- Title Pages
- Editor's Preface
- Introduction: Historical Overview of Race and Poverty from Reconstruction to 1969
- 1 From Income Inequality to Economic Inequality
- 2 Racial and Ethnic Economic Inequality
- 3 Measuring Poverty
- 4 Medical Spending, Health Insurance, and Measurement of American Poverty
- 5 The Dynamic Racial Composition of the United States
- 6 The New Geography of Inequality in Urban America
- 7 The Disparate Racial Neighborhood Impacts of Metropolitan Economic Restructuring
- 8 The Demise of a Dinosaur
- 9 Suburban Exclusion and the Courts
- 10 Civil Rights and the Status of Black Americans in the 1960s and the 1990s
- 11 Poverty, Racism, and Migration
- 12 The American News Media and Public Misperceptions of Race and Poverty
- 13 U.S. Education and Training Policy
- 14 The Growing Importance of Cognitive Skills in Wage Determination
- 15 Escalating Differences and Elusive “Skills”
- 16 Earnings of Black and White Youth and Their Relation to Poverty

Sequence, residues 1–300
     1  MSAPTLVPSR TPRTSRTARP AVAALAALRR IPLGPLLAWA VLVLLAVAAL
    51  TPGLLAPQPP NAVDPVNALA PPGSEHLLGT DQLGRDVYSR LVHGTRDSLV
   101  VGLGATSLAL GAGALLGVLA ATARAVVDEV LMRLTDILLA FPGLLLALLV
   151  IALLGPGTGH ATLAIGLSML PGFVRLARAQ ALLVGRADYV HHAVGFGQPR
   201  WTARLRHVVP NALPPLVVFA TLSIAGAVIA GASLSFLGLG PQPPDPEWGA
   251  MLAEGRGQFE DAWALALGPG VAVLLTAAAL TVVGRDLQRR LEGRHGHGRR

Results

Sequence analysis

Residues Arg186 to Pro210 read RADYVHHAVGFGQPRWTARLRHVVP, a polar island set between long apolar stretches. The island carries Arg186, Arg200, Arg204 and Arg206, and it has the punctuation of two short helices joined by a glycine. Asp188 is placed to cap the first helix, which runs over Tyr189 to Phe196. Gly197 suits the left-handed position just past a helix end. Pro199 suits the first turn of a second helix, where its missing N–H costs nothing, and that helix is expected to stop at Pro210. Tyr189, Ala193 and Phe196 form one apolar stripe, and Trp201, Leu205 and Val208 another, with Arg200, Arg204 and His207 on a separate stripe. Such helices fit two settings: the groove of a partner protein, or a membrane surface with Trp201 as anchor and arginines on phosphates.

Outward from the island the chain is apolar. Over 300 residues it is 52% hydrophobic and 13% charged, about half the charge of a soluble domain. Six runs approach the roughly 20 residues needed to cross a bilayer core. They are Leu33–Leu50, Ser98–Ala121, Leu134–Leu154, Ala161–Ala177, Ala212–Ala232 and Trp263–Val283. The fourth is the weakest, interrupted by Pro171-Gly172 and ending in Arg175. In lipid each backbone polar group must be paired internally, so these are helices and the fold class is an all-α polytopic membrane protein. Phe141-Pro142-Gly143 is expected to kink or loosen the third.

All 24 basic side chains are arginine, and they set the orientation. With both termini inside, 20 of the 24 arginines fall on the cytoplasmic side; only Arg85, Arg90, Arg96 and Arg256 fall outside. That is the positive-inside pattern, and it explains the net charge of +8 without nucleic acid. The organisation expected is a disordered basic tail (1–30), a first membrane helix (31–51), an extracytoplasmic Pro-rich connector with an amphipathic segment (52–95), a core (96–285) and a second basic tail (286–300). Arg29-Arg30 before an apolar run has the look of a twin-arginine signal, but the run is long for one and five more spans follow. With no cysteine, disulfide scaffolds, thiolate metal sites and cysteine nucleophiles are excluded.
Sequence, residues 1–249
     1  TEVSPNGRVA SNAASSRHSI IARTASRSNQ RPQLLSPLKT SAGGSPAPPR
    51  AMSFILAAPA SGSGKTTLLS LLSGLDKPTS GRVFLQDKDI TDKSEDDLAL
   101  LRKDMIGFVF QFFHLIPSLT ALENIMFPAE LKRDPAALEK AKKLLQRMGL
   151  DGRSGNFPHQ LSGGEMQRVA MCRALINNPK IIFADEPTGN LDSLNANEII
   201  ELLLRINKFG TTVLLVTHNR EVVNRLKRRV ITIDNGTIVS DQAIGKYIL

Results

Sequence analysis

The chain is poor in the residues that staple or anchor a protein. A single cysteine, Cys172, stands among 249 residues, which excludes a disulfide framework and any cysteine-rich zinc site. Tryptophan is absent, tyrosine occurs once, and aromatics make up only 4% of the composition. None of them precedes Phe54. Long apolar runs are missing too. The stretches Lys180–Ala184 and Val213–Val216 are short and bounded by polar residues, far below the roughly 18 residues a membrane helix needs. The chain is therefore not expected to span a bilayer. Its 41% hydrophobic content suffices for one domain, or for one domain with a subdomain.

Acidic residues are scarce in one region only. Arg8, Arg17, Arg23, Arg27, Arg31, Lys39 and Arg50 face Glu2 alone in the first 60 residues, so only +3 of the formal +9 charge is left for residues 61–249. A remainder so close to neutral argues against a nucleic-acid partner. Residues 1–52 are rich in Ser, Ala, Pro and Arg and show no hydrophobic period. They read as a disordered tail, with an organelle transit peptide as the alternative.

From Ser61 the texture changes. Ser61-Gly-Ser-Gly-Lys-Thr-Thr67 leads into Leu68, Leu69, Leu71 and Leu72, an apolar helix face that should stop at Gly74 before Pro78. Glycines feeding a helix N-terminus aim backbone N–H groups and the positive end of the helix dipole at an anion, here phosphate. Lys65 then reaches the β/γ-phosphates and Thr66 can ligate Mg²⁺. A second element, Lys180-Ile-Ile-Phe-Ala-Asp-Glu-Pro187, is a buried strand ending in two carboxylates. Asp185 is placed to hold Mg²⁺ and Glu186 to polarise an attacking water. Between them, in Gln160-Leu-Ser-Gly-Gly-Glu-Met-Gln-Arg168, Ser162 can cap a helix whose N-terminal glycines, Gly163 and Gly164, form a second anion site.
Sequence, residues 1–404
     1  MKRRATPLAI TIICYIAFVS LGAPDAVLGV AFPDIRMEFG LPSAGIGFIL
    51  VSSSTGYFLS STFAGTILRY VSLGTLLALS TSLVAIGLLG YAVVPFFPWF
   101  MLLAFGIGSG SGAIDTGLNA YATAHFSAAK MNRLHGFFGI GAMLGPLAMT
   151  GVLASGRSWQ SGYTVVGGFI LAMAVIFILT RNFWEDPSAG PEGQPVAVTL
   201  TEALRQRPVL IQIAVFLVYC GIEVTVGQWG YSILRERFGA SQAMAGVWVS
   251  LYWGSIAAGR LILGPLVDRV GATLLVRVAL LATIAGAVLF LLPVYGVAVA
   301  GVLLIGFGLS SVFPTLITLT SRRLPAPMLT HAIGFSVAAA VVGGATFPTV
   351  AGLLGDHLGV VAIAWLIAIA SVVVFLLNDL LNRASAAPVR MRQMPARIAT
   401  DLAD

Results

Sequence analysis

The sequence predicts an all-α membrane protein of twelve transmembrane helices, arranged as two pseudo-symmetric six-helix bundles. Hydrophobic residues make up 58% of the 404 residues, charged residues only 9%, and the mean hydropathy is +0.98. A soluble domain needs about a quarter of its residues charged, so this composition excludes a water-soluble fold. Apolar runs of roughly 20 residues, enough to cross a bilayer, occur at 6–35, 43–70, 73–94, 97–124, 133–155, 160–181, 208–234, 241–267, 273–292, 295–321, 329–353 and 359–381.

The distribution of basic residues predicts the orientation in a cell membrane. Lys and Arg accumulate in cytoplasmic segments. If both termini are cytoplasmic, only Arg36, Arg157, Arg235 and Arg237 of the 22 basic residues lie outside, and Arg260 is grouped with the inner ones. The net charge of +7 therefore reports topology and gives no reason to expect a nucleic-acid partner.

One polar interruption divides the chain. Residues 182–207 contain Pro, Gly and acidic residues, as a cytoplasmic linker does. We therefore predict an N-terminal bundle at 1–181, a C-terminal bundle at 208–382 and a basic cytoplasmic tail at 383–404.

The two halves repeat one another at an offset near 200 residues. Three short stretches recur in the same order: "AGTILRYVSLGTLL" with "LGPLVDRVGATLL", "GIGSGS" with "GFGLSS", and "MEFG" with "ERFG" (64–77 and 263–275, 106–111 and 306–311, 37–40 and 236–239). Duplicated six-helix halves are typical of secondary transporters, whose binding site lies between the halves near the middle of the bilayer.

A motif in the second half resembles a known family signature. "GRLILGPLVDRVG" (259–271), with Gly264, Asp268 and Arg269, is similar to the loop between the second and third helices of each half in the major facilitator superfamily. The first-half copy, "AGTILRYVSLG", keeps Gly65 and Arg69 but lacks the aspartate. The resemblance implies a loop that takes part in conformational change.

- 17 Teenage Childbearing and Personal Responsibility
- 18 Where Should Teen Mothers Live? What Should We Do About It?
- 19 Family Allowances and Poverty Among Lone Mother Families in the United States
- 20 How Much More Can They Work?
- 21 Turning Our Backs on the New Deal
- 22 Fighting Poverty
- 23 Crime, Poverty, and Entrepreneurship
- 24 Violence and the Inner-City Street Code
- 25 Minority Business Development Programs
- 26 A Social Accounting Matrix Model of Inner-City New Haven
Lessons from Recent U.S. History
- (p.631) 22 Fighting Poverty
- Race, Poverty, and Domestic Policy
Rebecca M. Blank
- Yale University Press
This chapter addresses important behavioral changes in low-income families in the 1990s and investigates the role of both the macroeconomy and policy in producing these outcomes. The chapter concludes by discussing how changes in poverty rates and income may be translated into measures of well-being.
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